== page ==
Below are excerpts of an article originally posted on Campaign Asia. Read the full story here

Given China’s crowded and innovative coffee and quick-serve food market, we asked branding consultants what the Canadian coffee and quick-serve food outlet should think about as it enters the mainland.

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Benoit Garbe, senior partner with brand and marketing consultancy Prophet, said that Canada Goose is an instructive example. It has a clear story and a clear linkage between an inspirational image of Canada and its brand and product. By contrast, the values of Tim Hortons, as well as the emotional attachment many Canadians have built with the brand from childhood to adulthood, could be hard to duplicate and translate into China.

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“To compete effectively in China, Tim Hortons needs to localize its approach and understand how to cater its offer, experience and brand to the new, more demanding and discerning Chinese consumers,” agreed Garbe. Moreover, consumers’ rising expectations for more premium experiences, healthier alternatives and hyper convenience must be key considerations, he added.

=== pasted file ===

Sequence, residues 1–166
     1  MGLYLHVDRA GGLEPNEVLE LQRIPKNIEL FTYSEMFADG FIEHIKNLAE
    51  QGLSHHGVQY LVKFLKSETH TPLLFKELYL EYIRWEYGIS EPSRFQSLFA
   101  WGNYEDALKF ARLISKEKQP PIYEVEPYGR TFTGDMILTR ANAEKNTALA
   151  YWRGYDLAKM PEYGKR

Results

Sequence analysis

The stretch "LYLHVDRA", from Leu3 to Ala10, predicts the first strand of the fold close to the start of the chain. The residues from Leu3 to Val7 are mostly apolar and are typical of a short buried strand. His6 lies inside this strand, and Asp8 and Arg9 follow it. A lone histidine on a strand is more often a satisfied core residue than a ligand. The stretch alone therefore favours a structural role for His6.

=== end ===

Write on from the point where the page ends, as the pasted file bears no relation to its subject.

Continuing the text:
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“Will Tim Hortons build its brand, retail and digital experience with consideration of these new consumption habits?” Garbe asked. “Will they introduce delivery services? These require high logistical and value-chain investments, which large brands like Starbucks and KFC have taken on, yet are still piloting or deploying at the moment.”

Pricewise, there’s a risk Tim Hortons could get lost in between its two main competitors. “Starbucks [has] the high ground, raising the bar even higher with Reserve and Roastery stores,” Garbe said. “Luckin [is] the perfect low-cost disruptor, giving great value, a brand aura, a chic experience, yet at much lower price. I always struggle with brands in the middle, as they do not show a meaningful alternative, and I wonder where Tim Hortons sits.”

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“Being somewhat of a late-comer with a positioning that is family friendly, though mass, it does not come across as truly inspirational, experiential or millennial centric, especially compared to Starbucks and Luckin Coffee,” Garbe said.

Prophet doesn’t see the trade war really trickling down into consumers’ perceptions and brand choices, at least not yet. “However, local brands have done a much better job at being relevant to Chinese consumers,” Garbe added. “One could argue that the rise of Chinese brands is more supply-led than consumer-led. Even though we also see a sense of pride in buying Chinese brands, the Chinese consumer is pragmatic, and only buys Chinese if the product and service is seen as better value.”